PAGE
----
Gremlins, Inc. is a computerized board game designed by Alexey Bokulev and Sergei Klimov produced under the Charlie Oscar Lima Tango Interactive Entertainment brand. It was published in 2016 by The Merchant Guild of Rund to the Steam platform. It appears to be fully multiplayer, where players may play online competitively individually or in cooperative teams, or locally competitively individually or on teams as well. It appears the game may be played by 2 to 5 players. There are ladders that track player statistics that may be climbed. There appear to be plentiful mods to customize, enhance, and extend the base game, and the game appears to have been consistently updated since its release.
Players may play as one of five classes of character: the Explorer, the Manager, the Gambler, the Collector, the Thief, or the Damned. I am not yet certain as to the strengths or weaknesses of the various classes since I’ve only ever chosen the random character option. Hovering over each one should give a description of their strengths and weaknesses.
Players are dealt six cards each at the beginning of the game. As these cards are played or otherwise discarded throughout the game, they are replenished immediately from a random deck. At the beginning of the game, all players may discard as many cards as they wish from their hand to be redrawn prior to playing their first turn.
Each card has a name and unique game art that make them easily remembered and identifiable at a glance once you get used to playing. The Gremlinopedia contains an index of each card and what effects they have to be referenced by the player when needed. All of this information is also present on the cards themselves within a players hand.
The number in the upper left hand corner of the card is the movement number. Cards may be played to move around the board or they may be played to execute the card’s action, but never both. Once a card is played for movement or its action, it is discarded. When played for the card’s action, the card must be played on the spot that it corresponds to. A picture of this spot is located on the bottom left of the card. A description of all of the spots on the board is included below. Some cards have an added action effect when played. These cards will have a gear icon located at the upper center of the card. Hovering the mouse pointer on this icon will reveal text that explains the card’s effect when played.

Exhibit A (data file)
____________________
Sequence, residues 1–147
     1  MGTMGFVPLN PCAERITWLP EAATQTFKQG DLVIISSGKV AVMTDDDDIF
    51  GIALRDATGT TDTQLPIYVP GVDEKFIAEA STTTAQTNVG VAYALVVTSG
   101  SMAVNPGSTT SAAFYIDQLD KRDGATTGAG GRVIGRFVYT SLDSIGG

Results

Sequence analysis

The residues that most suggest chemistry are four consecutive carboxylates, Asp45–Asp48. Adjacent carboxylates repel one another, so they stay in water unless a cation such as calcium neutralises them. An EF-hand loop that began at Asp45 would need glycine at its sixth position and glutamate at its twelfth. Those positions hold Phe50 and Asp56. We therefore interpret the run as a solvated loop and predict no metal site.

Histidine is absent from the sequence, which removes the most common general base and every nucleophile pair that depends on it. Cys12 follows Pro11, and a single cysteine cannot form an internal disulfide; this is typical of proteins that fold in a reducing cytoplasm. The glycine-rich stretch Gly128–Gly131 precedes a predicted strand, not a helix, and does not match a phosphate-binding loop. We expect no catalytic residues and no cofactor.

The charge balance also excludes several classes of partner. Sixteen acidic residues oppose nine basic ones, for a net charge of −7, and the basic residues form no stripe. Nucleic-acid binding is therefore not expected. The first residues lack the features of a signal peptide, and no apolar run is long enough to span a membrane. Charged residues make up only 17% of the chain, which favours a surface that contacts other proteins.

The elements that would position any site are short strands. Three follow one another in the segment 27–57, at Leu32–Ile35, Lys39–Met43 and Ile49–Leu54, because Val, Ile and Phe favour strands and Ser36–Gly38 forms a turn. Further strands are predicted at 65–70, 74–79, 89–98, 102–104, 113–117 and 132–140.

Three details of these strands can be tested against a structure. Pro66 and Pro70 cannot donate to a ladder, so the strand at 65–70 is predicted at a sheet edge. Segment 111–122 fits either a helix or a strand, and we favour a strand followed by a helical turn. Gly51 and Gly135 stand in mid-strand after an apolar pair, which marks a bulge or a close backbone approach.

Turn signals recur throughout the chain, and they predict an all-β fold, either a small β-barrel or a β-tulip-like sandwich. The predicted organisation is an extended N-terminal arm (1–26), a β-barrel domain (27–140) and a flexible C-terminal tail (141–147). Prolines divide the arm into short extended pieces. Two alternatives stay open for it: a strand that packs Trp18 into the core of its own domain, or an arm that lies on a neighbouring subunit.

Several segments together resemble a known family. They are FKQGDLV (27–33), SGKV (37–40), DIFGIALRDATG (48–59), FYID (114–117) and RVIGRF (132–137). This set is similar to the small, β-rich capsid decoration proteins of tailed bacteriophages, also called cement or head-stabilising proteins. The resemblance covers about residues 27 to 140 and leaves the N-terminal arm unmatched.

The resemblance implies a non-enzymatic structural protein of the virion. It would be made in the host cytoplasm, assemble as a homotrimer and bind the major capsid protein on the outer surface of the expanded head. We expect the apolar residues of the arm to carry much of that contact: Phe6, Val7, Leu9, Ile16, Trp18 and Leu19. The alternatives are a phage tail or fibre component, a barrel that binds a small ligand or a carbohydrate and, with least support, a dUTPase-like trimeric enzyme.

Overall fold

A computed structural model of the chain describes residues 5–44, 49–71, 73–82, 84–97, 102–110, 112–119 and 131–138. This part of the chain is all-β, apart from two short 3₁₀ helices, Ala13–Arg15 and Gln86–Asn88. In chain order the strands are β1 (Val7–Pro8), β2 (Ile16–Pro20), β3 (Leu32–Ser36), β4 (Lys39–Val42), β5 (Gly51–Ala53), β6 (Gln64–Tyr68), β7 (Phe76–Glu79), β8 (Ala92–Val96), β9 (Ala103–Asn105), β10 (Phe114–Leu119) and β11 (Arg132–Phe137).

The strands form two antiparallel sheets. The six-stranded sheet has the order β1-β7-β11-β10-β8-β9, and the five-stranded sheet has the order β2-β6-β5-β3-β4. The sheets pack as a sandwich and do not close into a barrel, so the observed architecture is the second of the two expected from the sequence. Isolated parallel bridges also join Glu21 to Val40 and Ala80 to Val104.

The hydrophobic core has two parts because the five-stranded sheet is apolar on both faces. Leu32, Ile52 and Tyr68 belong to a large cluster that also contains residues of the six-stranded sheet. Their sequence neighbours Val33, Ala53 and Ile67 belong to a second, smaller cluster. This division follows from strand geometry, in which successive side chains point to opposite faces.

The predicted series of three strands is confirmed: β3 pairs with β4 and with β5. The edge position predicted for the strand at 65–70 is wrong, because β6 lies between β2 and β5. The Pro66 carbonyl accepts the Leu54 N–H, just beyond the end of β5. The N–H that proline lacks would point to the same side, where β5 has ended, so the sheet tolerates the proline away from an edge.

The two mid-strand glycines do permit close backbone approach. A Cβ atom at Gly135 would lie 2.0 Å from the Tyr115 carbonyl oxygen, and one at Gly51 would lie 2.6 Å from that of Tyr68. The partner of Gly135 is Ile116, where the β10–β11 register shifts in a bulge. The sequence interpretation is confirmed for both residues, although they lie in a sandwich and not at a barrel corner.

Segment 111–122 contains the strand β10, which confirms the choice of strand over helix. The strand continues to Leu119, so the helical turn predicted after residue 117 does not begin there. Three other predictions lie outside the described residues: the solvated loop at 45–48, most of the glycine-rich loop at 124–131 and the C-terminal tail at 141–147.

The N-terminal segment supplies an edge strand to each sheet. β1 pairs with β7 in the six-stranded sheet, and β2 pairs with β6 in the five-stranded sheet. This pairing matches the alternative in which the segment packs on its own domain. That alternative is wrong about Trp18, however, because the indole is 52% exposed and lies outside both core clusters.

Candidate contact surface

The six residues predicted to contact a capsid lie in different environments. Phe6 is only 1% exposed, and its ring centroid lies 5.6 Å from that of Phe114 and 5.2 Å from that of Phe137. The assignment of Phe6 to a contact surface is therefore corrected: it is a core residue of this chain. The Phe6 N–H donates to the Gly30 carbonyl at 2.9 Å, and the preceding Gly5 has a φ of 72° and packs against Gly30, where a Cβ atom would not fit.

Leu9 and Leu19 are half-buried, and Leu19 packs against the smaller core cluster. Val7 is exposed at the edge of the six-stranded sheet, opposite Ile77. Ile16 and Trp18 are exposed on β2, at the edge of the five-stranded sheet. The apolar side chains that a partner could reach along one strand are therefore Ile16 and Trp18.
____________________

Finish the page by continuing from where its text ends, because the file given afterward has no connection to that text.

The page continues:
There are numerous Gremlins, Inc. game boards to play on, and none of them that I have seen are fully linear. Be careful to check the arrows on the board to plan your movement. On the board I first played on, there was a primary loop to travel counter-clockwise around in a circle that was fairly low risk. This primary loop had loops to the unique game spots connected to it, so traveling around this loop would provide a player access to those spots. However, there are also places within the primary loop where the player may take short cuts or move to a different place in the loop entirely. The player must take into account the risk versus reward when choosing their particular path. Paths with high reward usually come with high risk, while paths with lower reward come with a lower risk.
The most important and precious resource in the game are the general game points. At the beginning of each game, the game host decides how many game points will be played to. In the game I played, the number of game points was 20. This means that the first player to reach 20 game points would win the game. The number of game points a player has is shown in the middle of a green gear next to their player portrait on the main game screen. Wherever game points may be added or subtracted from the player in a game, they are represented by a gear.
There are also votes that may be collected or lost while navigating the board. Whomever has the most votes when elections are called becomes the governor. It’s good to be the governor. Governors don’t have to pay any resources when landing on a bribe spot.
Pitchforks are another resource. The more pitchforks you have the more notorious your reputation which counts for something. Be careful that you don’t have the most pitchforks though as some of the nastier misfortunes target the most evil player in the game. Then there is the + and – resources. The – resource is used to pay off the police when landing on a police spot and pay bribes. Money, or G, is the common currency of the game.
Many cards require G to play on their respective spots. When G is required to play a card, the amount required will be shown in the upper right hand corner of the card. The more powerful the card, the more costly it is to play. Unfortunately for the player who likes to plan ahead, G is what is most often increased or decreased in all of the in game events around the board which makes the amount of it in your purse at any time highly volatile. Getting a high power card that requires around 1000G to play made my mouth water since it would pretty much settle the game if I were to successfully play it. So I would plan out how to get to the other side of the map to play that one card and save enough G on my way there to spend it solely on that card. I tried three separate cards like this in the game I played and each time there was something that made me lose enough of my money to keep me from playing each of those three cards. This was even with me being the governor for around 80 percent of the game. The fluctuation of G in my coffer was a strong signal that Gremlins, Inc. is as much a game of chance as it is a game of skill. Randomness is hidden by the complexity of the game, but is still present in full, frustrating force and compounded by the actions of each player added to the game.